Rachel, what is your area of expertise?
I am an expert on the best ways to foster and maintain good mental health. Having suffered from depression and anxiety myself in the past, I am now calm and well. I share what I’ve learnt and the evidence-based strategies for both body and mind that really work. Physical approaches include nutrition and breathing techniques. Psychological strategies include how to connect with others, cultivate gratitude, think positively and use the consoling power of literature to heal a troubled mind. January 2017 sees the publication of my third book on the subject of good mental health: my most recent book Walking on Sunshine: 52 Small Steps to Happiness was an international bestseller and described by the New York Times as full of ‘excellent ideas’ on wellbeing.
What is it that you like about addressing audiences?
I love connecting with others, hearing their stories, and learning from them about what strategies they use to stay calm and well, in addition to hearing about the challenges they face at coping with stress in the workplace. I never leave an event without having learnt something. I’m lucky to have visited offices up and down the country which has given me an insight into the wellbeing issues affecting those at work – as well as the solutions that work. Addressing an audience helps my own mental health too. Even if only one person says that one idea I’ve shared helps them, then that makes my professional life worthwhile. I’m a big believer in what scientists call a ‘helper’s high’ and that’s what talking to an audience gives me.
What do you see as the important wellbeing issues that are concerning people moving into 2017?
The most important issue in 2017 will be how we move from a medication-based approach to good mental health to realising that we need a lifestyle approach for long term wellbeing and resilience. We need to take responsibility for our mental health in the same way that we look after our physical health by going to the gym. Lifestyle interventions, including those I share in my workshops, will be the future.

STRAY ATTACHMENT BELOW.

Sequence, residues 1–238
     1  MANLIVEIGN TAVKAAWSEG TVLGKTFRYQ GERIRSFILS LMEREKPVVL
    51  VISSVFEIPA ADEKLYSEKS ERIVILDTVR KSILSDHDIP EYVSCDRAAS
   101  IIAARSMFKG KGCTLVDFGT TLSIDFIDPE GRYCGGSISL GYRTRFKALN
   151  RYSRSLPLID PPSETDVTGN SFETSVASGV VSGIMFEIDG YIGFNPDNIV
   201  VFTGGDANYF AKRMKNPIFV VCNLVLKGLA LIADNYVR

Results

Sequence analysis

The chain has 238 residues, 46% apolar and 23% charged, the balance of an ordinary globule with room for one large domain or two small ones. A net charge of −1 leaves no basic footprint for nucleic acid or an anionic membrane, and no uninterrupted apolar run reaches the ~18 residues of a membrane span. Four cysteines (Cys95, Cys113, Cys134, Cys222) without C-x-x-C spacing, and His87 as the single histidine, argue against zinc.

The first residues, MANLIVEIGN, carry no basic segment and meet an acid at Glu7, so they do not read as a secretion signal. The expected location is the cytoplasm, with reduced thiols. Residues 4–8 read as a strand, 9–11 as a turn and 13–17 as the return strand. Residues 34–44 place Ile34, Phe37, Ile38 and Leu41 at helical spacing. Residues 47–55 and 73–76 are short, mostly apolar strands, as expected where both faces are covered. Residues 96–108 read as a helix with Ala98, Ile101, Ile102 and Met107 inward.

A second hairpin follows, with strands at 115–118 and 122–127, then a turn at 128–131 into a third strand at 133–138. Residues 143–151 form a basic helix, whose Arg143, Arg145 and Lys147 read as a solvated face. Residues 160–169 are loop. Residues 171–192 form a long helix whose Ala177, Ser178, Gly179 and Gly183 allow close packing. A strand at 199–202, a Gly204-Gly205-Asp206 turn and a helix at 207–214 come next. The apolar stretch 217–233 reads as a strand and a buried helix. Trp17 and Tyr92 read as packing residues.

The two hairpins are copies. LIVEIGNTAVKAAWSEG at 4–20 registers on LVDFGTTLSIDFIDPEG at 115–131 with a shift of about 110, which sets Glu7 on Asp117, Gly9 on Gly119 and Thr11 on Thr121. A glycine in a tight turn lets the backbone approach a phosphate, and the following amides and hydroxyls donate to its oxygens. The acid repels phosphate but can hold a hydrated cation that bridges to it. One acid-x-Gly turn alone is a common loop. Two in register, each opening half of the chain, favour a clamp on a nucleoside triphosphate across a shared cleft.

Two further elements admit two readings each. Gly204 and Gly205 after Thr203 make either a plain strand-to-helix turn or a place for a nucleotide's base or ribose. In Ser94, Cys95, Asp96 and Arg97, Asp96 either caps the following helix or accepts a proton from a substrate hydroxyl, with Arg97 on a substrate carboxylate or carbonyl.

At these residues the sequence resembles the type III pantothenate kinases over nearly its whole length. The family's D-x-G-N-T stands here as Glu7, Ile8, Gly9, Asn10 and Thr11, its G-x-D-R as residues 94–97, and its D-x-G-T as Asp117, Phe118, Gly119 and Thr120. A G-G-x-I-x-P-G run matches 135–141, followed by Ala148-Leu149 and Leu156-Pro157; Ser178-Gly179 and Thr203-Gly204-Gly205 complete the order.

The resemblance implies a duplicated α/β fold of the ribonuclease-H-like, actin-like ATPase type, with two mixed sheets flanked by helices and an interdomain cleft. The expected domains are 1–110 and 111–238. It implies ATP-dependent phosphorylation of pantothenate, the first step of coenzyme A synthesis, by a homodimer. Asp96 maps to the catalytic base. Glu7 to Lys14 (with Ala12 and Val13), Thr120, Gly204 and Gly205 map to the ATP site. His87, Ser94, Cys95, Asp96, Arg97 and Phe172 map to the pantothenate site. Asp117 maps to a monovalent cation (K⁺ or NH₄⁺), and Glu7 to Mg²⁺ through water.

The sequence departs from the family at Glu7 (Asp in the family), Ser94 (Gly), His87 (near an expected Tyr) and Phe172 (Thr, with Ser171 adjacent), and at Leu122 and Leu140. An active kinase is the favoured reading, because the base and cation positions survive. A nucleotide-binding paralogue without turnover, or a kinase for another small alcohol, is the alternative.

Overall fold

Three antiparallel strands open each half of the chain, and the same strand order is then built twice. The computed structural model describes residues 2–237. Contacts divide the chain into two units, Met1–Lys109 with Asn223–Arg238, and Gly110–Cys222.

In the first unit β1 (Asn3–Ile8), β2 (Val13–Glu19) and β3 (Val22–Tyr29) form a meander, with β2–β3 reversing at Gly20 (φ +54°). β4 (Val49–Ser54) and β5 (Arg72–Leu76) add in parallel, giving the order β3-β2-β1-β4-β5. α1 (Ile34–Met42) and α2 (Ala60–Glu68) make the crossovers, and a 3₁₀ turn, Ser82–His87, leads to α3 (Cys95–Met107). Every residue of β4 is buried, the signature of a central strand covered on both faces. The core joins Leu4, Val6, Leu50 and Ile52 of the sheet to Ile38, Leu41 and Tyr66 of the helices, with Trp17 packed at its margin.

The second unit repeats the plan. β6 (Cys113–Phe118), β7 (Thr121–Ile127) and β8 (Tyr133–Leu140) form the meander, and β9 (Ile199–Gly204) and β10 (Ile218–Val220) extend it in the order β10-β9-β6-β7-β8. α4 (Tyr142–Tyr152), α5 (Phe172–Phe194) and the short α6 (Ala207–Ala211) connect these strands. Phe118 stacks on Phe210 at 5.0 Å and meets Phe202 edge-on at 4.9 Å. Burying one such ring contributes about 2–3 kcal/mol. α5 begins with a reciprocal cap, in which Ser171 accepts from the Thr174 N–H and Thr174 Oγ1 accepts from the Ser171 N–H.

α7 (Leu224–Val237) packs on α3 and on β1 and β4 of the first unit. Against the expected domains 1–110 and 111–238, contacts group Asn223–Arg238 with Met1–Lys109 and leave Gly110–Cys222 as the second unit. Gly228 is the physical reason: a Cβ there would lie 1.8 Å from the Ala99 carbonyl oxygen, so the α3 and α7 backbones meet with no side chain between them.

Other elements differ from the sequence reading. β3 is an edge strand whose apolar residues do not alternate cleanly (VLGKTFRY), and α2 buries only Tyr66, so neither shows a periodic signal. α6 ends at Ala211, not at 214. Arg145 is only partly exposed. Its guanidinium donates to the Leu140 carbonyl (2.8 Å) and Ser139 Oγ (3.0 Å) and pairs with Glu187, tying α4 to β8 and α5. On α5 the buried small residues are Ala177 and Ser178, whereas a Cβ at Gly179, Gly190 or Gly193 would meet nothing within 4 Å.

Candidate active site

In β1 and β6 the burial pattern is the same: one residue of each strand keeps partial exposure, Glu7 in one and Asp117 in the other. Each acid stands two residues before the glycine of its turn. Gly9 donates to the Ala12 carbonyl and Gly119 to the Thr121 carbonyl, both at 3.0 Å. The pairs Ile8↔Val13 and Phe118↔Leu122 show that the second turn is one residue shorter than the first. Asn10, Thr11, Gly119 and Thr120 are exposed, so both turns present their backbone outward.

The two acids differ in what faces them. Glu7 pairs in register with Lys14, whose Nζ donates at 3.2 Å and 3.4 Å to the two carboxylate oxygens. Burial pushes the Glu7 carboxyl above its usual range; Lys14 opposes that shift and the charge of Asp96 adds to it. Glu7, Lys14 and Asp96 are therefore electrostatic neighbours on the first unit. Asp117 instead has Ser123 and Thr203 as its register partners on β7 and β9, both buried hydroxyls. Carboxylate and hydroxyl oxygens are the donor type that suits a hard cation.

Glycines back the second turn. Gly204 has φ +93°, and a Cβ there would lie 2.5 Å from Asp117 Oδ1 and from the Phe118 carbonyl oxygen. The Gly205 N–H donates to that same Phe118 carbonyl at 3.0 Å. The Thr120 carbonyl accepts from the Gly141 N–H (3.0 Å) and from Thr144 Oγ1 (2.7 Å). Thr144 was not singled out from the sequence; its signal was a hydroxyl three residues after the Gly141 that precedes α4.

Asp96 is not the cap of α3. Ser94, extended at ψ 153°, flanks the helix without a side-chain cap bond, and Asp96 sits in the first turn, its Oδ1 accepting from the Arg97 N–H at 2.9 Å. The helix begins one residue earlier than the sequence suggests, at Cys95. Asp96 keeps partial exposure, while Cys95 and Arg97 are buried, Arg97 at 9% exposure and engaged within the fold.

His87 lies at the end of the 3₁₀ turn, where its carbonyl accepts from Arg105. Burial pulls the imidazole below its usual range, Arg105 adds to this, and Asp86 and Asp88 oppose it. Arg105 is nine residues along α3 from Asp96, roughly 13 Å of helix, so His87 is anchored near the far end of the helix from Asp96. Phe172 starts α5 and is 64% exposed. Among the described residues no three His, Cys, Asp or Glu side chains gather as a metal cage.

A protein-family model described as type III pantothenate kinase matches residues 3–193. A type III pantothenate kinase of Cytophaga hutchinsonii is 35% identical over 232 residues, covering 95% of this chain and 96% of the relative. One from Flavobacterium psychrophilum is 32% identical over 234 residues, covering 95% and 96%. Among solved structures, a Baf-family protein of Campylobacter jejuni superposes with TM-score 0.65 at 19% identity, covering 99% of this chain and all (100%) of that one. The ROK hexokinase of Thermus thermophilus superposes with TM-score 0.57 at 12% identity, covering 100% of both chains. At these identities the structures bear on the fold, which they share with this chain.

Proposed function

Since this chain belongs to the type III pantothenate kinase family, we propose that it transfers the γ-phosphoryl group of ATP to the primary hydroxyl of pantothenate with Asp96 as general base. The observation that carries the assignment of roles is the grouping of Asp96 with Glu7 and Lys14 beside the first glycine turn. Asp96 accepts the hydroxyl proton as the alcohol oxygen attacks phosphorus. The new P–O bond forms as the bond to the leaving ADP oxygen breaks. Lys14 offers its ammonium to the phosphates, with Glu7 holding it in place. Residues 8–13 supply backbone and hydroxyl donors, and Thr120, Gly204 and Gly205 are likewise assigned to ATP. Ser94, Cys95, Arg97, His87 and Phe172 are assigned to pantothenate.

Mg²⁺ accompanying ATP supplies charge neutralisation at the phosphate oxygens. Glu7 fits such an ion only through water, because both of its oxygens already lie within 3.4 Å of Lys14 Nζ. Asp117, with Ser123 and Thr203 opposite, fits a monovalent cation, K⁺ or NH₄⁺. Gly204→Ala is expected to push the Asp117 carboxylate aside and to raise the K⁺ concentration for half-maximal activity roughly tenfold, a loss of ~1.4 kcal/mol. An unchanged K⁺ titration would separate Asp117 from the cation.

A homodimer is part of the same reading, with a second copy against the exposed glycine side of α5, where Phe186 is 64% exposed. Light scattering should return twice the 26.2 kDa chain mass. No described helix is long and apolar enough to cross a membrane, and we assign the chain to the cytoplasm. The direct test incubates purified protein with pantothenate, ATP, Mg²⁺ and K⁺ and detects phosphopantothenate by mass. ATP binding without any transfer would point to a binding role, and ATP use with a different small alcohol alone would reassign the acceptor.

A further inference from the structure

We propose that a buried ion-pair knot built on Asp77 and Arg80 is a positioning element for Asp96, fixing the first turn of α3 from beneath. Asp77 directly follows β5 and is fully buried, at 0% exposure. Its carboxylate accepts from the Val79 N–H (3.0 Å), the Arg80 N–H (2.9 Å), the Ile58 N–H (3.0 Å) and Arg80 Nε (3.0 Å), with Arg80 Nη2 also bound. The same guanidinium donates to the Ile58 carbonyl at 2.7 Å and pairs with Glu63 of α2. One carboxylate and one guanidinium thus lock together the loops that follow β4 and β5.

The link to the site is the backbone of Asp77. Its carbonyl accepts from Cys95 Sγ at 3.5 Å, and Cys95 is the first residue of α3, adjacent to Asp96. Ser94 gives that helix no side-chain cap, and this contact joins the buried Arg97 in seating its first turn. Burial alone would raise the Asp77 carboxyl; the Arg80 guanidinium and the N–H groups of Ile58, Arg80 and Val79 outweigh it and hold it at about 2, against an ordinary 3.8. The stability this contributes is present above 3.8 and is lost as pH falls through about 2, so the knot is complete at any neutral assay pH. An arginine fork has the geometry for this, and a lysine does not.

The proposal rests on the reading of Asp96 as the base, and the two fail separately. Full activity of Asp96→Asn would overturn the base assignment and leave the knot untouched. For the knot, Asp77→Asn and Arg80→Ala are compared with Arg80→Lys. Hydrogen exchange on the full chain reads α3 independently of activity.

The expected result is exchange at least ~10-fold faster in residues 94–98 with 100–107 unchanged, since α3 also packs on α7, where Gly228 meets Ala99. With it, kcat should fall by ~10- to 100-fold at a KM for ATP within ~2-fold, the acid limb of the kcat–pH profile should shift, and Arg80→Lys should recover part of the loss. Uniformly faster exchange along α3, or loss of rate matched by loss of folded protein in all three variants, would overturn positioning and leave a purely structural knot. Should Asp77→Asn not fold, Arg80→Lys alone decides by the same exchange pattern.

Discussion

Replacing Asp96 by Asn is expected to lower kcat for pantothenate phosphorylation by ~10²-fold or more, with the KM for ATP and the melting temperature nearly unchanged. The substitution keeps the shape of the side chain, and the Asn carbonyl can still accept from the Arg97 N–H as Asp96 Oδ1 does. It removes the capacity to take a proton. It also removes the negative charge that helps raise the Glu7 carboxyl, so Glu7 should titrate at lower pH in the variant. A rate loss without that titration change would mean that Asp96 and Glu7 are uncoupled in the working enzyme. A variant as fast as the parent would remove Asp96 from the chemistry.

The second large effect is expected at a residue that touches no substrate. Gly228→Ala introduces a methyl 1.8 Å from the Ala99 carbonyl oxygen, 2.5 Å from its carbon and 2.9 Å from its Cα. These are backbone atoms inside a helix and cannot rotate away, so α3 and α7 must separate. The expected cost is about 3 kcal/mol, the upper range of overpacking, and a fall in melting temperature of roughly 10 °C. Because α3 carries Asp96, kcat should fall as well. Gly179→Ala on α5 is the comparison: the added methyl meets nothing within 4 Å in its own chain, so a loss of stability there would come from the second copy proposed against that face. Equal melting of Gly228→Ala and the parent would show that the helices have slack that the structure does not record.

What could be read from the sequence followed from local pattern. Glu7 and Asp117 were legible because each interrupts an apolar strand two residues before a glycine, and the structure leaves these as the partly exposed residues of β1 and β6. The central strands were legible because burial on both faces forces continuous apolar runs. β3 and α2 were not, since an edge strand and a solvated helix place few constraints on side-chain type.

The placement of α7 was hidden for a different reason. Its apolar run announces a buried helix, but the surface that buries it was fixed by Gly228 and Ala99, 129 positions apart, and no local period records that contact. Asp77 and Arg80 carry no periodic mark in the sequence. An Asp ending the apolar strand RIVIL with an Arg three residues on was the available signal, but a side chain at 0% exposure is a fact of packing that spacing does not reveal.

We need to change our attitude to mental health, and see it as just that – it’s about mental health, not illness. That shift in attitude, and talking openly about mental health, will also help defeat stigma which I’ve found is still a big issue in many offices. Another big issue in 2017 will be how we find the time to make the lifestyle interventions that will make a difference. A final big issue in 2017 that will concern people more and more is nutrition. People are realising that what they eat has a huge impact on their mood – which is the subject of my next book The Happy Kitchen: Good Mood Food which I’ve written with the nutritional therapist Alice Mackintos
What is your top tip for employers today?
My top tip for employers is that a happy workforce is an energised, productive workforce who look forward to coming to work. If you prioritise the wellbeing and mental health of your employees, they will reward you many times over.
What is your top tip for staff today in how to look after themselves?
My top tip for staff today is that you should find the time to look after your mental health. On an aeroplane, we are advised to put on our oxygen mask before attempting to help a child. Follow that advice yourself. If you learn to be calm and happy – and you can – then you in turn will be able to help others.